31  C                   parm                    Parm1
32  C                   parm                    Parm2

33  BeforeRecordPointer = %addr(Parm1) + BeforeOffset ;

34  BeforeNullPointer = %addr(Parm1) + BeforeNullOffset ;

35  AfterRecordPointer = %addr(Parm1) + AfterOffset ;

36  AfterNullPointer = %addr(Parm1) + AfterNullOffset ;

37  TRGTIME = %timestamp() ;
38  JOBNAME = PgmDs.JobName ;
39  JOBUSER = PgmDs.JobUser ;
40  JOBNBR = PgmDs.JobNumber ;


41  if (TriggerEvent = '1') ;  //Add
42    TRGTYPE = 'I' ;
43    FileFields = AfterSpace ;
44    FieldNulls = AfterNullSpace ;
45    write OutMember ;

46  elseif (TriggerEvent = '2') ;  //Delete ;
47    TRGTYPE = 'D' ;
48    FileFields = BeforeSpace ;
49    FieldNulls = BeforeNullSpace ;
50    write OutMember ;

51  elseif (TriggerEvent = '3') ;  //Update ;
52    TRGTYPE = 'U0' ;  //= Update before image
53    FileFields = BeforeSpace ;
54    FieldNulls = BeforeNullSpace ;
55    write OutMember ;

56    TRGTYPE = 'U1' ;  //= Update after image
57    FileFields = AfterSpace ;
58    FieldNulls = AfterNullSpace ;
59    write OutMember ;

60    else ;
61      return ;

62  endif ;

63  feod Outfile ;

64  return ;

Lines 30 – 32: Yes, I have used a PLIST to receive the parameters passed to this Trigger program. Trust me it makes it lot easier to have one than a MAIN procedure when writing a generic Trigger program.

Lines 33 – 36: These lines allocate the areas of memory to the various pointers.

Lines 37 – 40: These fields are used so that I can tell which job caused the insert, delete, or update and at what time.

Lines 41 – 45: When a record is added/inserted into the file this part of the code is executed. As this is an insert I do not have to bother with the Before image as there is none. Therefore, I move the content of the After space data structure and write to the Trigger output file. I am not bothering with the null byte map as I know that the files I work with don't have nulls. If they did I would need to look at the After null byte map to determine which fields to make null.

Lines 46 – 50: For a delete I only want the Before image as there cannot be anything in the After.

lines 51 – 59: With an update I want to capture both the Before and After images. I use "U0" to indicate the before data, and "U1" for the after. Why? Before "UB" (Update Before) would come after "UA (Update After) if I sorted by the Trigger Type field, TRGTYPE.

Lines 60 – 61: There is a fourth Trigger Event value, "4", used to indicate the record is being read. In this scenario I do not care about the file being read as it does not update the file.

Line 63: What is FEOD? It stands for Force End Of Data, and if there is any data in the output buffer when I use the FEOD it is written to the file. If I do not use the FEOD that data resides in the output buffer until it reaches the capacity when it is written to the file. This could happen sometime later. FEOD makes sure the data is written now.

Line 64: Just a RETURN no *INLR as by returning the output file is not closed, and the next time the trigger executes it does not have to spend time to open the output file.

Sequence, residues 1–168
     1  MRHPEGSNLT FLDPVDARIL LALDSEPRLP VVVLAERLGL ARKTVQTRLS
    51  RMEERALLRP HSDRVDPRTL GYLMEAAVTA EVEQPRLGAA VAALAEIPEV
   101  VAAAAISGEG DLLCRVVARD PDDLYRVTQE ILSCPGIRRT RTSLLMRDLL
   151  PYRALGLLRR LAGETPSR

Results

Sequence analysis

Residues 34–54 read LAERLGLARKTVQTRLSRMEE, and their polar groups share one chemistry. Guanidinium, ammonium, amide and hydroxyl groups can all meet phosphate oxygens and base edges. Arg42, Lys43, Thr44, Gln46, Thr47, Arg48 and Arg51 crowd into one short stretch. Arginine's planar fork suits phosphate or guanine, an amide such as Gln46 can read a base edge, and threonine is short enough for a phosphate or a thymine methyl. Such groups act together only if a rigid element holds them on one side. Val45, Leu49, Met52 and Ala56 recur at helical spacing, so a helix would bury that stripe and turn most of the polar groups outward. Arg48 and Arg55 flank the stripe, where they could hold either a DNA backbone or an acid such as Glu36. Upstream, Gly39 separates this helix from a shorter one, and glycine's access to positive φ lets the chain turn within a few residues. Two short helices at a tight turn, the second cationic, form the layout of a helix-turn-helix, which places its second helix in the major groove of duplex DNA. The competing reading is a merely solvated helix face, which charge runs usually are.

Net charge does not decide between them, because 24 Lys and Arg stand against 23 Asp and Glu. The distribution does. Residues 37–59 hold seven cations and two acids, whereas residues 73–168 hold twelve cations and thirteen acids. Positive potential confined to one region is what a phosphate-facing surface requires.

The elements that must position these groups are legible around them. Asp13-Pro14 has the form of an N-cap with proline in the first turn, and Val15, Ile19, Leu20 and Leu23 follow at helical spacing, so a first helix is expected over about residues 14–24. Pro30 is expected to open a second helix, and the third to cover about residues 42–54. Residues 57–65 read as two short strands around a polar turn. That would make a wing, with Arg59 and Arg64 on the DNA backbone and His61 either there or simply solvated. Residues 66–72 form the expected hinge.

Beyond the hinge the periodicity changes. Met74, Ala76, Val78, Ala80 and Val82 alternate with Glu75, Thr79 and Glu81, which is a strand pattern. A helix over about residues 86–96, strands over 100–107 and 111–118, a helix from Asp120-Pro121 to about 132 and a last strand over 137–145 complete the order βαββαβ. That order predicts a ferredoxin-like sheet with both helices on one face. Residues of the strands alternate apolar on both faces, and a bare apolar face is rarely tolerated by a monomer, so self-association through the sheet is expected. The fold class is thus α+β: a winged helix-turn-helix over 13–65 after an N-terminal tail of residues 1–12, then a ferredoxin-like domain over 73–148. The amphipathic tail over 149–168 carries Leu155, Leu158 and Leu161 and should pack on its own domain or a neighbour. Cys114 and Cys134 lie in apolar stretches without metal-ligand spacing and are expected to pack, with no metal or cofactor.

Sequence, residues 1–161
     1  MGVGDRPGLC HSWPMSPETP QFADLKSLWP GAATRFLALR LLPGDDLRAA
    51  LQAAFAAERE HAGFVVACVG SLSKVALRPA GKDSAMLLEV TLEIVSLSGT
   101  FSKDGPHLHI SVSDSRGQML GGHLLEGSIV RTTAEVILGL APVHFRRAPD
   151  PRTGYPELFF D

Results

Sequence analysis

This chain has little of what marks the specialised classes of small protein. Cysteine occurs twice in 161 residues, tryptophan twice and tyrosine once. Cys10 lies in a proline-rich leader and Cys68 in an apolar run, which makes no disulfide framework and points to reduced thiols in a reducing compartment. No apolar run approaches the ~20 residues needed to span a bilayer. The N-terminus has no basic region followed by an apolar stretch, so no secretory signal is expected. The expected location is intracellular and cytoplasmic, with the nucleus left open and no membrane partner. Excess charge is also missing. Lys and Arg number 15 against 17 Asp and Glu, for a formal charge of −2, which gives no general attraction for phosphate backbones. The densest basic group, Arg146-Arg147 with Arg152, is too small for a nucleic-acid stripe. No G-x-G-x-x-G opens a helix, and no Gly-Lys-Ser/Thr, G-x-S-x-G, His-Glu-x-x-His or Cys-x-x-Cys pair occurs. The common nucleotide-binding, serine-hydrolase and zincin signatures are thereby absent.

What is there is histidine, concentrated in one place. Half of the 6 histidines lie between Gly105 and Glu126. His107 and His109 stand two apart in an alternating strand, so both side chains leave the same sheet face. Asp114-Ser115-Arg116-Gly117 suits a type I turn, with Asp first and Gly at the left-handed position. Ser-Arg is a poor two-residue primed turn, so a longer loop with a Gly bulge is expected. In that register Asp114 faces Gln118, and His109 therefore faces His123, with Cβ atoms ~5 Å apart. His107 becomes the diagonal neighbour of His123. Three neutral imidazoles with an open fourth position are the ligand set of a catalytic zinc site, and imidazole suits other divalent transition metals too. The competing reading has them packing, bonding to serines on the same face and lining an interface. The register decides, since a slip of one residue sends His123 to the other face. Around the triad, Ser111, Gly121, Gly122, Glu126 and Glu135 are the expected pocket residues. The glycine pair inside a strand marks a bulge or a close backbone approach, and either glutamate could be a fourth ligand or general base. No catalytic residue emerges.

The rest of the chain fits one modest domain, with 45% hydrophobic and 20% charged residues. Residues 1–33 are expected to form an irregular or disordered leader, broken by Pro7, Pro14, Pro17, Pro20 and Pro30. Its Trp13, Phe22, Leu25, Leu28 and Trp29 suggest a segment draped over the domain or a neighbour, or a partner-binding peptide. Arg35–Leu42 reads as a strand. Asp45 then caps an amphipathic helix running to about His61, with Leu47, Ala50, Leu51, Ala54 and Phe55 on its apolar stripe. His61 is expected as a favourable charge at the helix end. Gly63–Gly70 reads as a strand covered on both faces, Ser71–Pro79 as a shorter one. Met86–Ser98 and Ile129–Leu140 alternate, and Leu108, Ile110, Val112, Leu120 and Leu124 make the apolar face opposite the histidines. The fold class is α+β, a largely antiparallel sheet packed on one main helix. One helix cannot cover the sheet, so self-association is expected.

In my opinion Trigger programs be written to execute quickly as control is not returned to the original program until the Trigger program finishes. This is why I do not key my Trigger output files.

Now I have my Trigger program, compiled with DBGVIEW(*LIST), I need to attach it to the file. To do this I use the Add Physical File Trigger command, ADDPFTRG. I have to use the command three times, once for the insert trigger, again for the delete, and lastly for the update. I use the Replace trigger keyword, RPLTRG(*YES), to replace the existing triggers:

  ADDPFTRG FILE(MYLIB/TESTFILE) TRGTIME(*AFTER) +
             TRGEVENT(*INSERT) PGM(MYLIB/TRGPGM1) +
             RPLTRG(*YES)

  ADDPFTRG FILE(MYLIB/TESTFILE) TRGTIME(*AFTER) +
             TRGEVENT(*DELETE) PGM(MYLIB/TRGPGM1) +
             RPLTRG(*YES)

  ADDPFTRG FILE(MYLIB/TESTFILE) TRGTIME(*AFTER) +
             TRGEVENT(*UPDATE) PGM(MYLIB/TRGPGM1) +
             RPLTRG(*YES)

Notice that I have the time the Trigger is called set to "after", TRGTIME(*AFTER), this means that the Trigger will be execute after the insert, delete, or update. Therefore, if the Trigger program errors the data was output to TESTILE without problem.

Now if I use the DSPFD with TYPE(*TRG) I will see my Trigger program in place.

if I want to remove a Trigger from a file I can just use the Remove Physical File Trigger command, RMVPFTRG. I could remove each trigger, but fortunately this command offers an option of "*ALL".

  RMVPFTRG FILE(MYLIB/TESTFILE)

I can use Trigger programs for more than just saving data when a record is changed. I can also validate the data before the record is written file, and if it is not within the business rules, return with an error rather than update. I can also write SQL triggers. Both of these subjects could become future posts.

 

You can learn more about this from the IBM website:

 

This article was written for IBM i 7.2, and should work for earlier releases too.

 

Fixed format data structures for Parm1 and Parm2

01  D Parm1           DS
02  D  File                   1     10
03  D  Library               11     20
04  D  Member                21     30
05  D  TriggerEvent          31     31
06  D  TriggerTime           32     32
07  D  CommitLock            33     33
08  D  Reserved1             34     36
09  D  CCSID                 37     40B 0
10  D  Reserved2             41     48
11  D  BeforeOffset          49     52B 0
12  D  BeforeLength          53     56B 0
13  D  BeforeNullOffset...
14  D                        57     60B 0